Good afternoon TCPA World. For those of you that read my last post, you know that I have been on the hunt for an interesting/juicy TCPA case. Well, today it happened, coming out of the Eleventh Circuit Court of Appeals (DISCLOSURE, THIS IS GOING TO BE A LENGTHY POST). The case is Drazen v. Godaddy.com, LLC, No. 21-10199 (11th Cir. July 27, 2022), which originally was a TCPA class action in the Southern District of Alabama, filed way back in August of 2019. Interestingly enough, there were two other related class actions that were both filed in Arizona which were consolidated with this one. Let’s dive in so you can understand why I’m so excited about this one (or maybe I’m just a weird TCPA nerd, but I digress).
After joining forces, the 3 plaintiffs (Drazen, Herrick, and Bennett) negotiated terms of a settlement with Godaddy, and thereafter submitted a proposed settlement agreement to the court. The class was defined, summarily, as anyone in the United States who received a call or text message between November of 2014 and December of 2016. Godaddy made $35m available in settlement funds to the class (yeah, I know, that’s a lot of coin; BUT WAIT). Class members had two options for compensation: (1) receive $35 in cash; or (2) receive a $150 VOUCHER TO BE USE EXCLUSIVELY AT GODADDY. So let me get this straight, these class members are complaining about calls from Godaddy about it’s services but now have the option of getting a $150 voucher to use only at Godaddy (that makes total sense!). Regardless, another issue in this case is that one of the 3 named plaintiff’s, Herrick, only received a single text message. For purposes of not confusing anyone, a named class representative has to, among a few other things, have standing to be able to recover; the eleventh circuit has held that receipt of a single text message does not suffice as being a concrete injury, such that there is no standing, such that you can’t recover. So, while Herrick fell into the defined class, Herrick did not have standing per this eleventh circuit rule. Interestingly enough, while the court agreed that Herrick did not have standing and should be removed as a class representative, the court nevertheless held that other absent class members that only received a single text message could still recover if they reside in a circuit that allows one to recover despite receipt of a lone text (that also makes total sense!). Ultimately, the court certified the class and approved the proposed settlement agreement.
INSERT VILLAIN JUAN PINTO, one of the class members that received the class notice and objected to the settlement. His primary objection was that the court approved the attorneys fees on the basis of $35m total settlement fund when there were many class members who were going to be compensated with Godaddy vouchers. In class actions, when class members are being compensated with coupons, the court’s are required to implement a more stringent review of class counsel’s fee. The court here did not do that. Faced with Pinto’s objection, the court actually lowered class counsel’s fee from $8.75m to $7m, but Pinto nevertheless appealed.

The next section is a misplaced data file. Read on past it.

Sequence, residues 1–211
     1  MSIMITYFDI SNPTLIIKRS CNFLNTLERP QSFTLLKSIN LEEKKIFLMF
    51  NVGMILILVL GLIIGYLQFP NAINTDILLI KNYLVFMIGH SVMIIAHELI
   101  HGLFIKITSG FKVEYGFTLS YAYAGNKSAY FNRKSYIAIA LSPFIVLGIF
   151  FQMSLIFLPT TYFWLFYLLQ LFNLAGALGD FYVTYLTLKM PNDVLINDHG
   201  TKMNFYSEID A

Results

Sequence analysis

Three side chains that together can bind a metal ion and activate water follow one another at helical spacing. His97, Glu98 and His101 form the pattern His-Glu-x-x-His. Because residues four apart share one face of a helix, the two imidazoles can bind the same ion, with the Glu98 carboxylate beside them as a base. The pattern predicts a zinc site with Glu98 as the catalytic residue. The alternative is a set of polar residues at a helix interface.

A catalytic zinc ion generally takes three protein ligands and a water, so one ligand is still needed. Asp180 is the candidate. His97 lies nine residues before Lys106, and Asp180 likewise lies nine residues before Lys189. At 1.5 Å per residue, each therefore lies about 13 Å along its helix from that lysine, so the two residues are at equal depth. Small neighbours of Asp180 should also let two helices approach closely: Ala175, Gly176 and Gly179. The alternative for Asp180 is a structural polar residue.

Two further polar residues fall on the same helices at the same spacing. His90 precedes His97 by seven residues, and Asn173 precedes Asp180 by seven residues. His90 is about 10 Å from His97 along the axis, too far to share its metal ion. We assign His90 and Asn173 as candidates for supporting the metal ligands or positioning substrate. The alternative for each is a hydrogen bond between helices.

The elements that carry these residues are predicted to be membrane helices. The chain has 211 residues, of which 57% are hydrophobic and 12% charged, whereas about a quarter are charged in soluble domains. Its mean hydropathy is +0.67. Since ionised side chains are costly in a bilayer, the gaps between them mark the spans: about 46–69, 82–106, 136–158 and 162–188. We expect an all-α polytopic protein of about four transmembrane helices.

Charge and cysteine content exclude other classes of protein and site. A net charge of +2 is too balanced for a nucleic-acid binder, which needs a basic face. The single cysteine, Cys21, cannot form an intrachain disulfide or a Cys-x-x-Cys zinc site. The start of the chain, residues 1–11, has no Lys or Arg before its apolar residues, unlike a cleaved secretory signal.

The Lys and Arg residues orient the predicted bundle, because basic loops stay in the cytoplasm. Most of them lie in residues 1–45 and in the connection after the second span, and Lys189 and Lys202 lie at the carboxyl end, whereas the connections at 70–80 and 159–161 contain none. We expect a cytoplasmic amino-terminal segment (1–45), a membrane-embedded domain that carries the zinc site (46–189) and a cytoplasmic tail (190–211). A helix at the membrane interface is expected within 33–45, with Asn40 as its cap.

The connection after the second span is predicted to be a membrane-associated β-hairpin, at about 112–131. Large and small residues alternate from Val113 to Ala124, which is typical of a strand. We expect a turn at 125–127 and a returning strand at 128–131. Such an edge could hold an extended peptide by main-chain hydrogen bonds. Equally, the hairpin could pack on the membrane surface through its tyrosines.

Things get even MORE interesting here: the issue on appeal was whether the Godaddy vouchers fell within the definition of a “coupon”; after outlining the lengthy background facts above, the Appellate Court conveniently sets out the first issue as the need to determine whether the court below had subject matter jurisdiction in the context of Article III standing. For purposes of not making this post a novel, the Appellate Court held that it didn’t (i.e. the issue of the Godaddy coupons was never discussed; no standing = no class certification = no settlement). For those that are interested, the primary reason articulated by the Appellate Court in concluding lack of Article III standing, and in turn lack of the court’s subject matter jurisdiction, was based on the class definition – under the definition even those who only received a single text message could be compensated with the $35 cash or Godaddy voucher. As touched on above, receipt of a single text message does not suffice as a “concrete” injury for purposes of Article III standing. And in order to recover, you have to have standing. Many are probably thinking how the court below could have botched something that seems rather simple. Well, in a case called Cordoba v. DIRECTTV, LLC, 942 F.3d 1259 (11th Cir. 2019) the same Court held that only named class representatives need Article III standing for a class to be certified. So, by agreeing to remove Herrick (plaintiff who received only one text message), the remaining named Plaintiffs all had standing, such that the court could certify the class under Cordoba. The issue was that the court below missed the part in Cordoba where the Court went on to explain that absent class members still need to have standing to recover. Anyway, I could talk about this case for another few paragraphs, but I will spare you TCPA World; for other TCPA nerds with questions about this one, please feel free to reach out and I will talk your ear off about it.
TAKEAWAY: In the Eleventh Circuit, when a class seeks certification for the sole purpose of a damages settlement under FRCP 23(e), the class definition must be limited to those individuals who have Article III standing.